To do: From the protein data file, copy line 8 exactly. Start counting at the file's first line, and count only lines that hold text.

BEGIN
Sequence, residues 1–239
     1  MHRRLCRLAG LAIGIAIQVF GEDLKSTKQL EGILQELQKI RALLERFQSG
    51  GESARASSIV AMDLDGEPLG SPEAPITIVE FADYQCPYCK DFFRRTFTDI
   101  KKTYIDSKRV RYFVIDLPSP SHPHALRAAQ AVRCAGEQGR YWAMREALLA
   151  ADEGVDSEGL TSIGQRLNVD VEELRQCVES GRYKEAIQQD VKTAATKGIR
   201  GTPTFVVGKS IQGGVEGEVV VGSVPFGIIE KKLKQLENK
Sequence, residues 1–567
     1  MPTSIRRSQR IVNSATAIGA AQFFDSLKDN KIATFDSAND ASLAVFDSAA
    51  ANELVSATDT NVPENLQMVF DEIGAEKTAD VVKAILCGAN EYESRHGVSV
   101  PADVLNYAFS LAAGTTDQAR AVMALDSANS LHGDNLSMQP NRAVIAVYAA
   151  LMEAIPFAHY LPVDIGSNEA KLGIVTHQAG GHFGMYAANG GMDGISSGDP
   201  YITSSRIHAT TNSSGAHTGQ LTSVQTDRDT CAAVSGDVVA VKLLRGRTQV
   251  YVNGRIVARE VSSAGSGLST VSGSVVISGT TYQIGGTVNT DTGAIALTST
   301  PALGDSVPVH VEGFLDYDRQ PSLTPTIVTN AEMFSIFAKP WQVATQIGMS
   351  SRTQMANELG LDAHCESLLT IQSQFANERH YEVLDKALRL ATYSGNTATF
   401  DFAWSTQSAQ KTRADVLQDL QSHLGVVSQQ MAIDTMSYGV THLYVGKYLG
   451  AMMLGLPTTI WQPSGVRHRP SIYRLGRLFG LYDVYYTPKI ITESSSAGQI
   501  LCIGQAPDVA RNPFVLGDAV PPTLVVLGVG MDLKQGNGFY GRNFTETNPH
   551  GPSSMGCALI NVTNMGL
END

     1  MPTSIRRSQR IVNSATAIGA AQFFDSLKDN KIATFDSAND ASLAVFDSAA